Cairn: noun ˈkern A pile of stones that marks a place (such as the place where someone is buried or a battle took place) or that shows the direction of a trail.
10/22/16: The art of rock balancing is something we all played at a bit when we are children. But not many people spend time on it once they are grown. Enter Michael Grab, master balancer of rocks, who has elevated the simple act of stacking stones into an eye-popping art form. Here’s how he does it:
“The most fundamental element of balancing in a physical sense is finding some kind of “tripod” for the rock to stand on. Every rock is covered in a variety of tiny to large indentations that can act as a tripod for the rock to stand upright, or in most orientations you can think of with other rocks. By paying close attention to the feeling of the rocks, you will start to feel even the smallest clicks as the notches of the rocks in contact are moving over one another… Some point balances will give the illusion of weightlessness as the rocks look to be barely touching.”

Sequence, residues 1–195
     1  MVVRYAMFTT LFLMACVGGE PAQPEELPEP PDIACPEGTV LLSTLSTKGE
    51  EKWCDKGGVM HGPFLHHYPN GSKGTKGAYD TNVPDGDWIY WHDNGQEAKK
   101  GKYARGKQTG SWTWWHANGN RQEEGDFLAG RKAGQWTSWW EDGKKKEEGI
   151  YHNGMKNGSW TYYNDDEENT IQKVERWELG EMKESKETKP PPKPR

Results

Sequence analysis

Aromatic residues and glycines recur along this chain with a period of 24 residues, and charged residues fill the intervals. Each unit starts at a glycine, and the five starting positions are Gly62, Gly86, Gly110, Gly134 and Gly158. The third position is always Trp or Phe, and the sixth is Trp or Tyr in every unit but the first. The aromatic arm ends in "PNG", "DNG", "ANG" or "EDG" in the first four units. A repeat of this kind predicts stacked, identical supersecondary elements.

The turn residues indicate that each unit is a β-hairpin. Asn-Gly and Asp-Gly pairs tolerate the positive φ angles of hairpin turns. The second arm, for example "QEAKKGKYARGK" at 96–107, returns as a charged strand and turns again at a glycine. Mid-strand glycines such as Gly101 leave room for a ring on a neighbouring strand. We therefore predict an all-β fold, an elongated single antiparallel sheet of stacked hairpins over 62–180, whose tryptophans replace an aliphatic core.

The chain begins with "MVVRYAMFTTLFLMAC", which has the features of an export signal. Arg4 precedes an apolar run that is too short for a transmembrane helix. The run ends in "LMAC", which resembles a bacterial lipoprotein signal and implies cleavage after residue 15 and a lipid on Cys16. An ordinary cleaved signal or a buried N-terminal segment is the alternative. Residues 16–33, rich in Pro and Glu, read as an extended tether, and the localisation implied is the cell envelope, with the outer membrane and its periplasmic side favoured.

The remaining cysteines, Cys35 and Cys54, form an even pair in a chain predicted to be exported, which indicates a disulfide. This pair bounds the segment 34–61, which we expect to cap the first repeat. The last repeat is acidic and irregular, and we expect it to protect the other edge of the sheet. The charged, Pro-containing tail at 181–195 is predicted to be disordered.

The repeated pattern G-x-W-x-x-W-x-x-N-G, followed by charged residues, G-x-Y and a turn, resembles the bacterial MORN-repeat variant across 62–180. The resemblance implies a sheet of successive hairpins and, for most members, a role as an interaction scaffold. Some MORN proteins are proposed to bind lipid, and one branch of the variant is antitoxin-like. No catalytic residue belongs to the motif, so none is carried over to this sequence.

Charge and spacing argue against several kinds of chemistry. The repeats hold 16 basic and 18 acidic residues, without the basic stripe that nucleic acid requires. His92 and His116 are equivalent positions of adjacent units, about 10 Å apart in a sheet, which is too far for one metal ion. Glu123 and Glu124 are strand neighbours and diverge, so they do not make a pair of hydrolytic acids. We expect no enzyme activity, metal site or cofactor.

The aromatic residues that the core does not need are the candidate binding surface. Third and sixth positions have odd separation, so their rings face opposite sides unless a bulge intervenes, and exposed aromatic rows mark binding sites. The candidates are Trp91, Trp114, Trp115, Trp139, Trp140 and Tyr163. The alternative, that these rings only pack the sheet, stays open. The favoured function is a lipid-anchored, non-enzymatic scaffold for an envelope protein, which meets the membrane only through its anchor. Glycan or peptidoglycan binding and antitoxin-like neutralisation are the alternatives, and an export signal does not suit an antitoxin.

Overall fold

But every bit as important to the process, Grab goes on to explain, is the element of meditation. He says he finds a place of complete silence in himself so he can find each rock’s sweet spot. He says the biggest challenge is overcoming your self-doubt. Perhaps it’s because of this element of meditation that makes them so appealing and so soothing. I hope you enjoy them as much as I do! I’m so thrilled to find an art form I can experiment with without having to buy equipment or supplies (or making a mess), I can’t wait to get outside and try it for myself!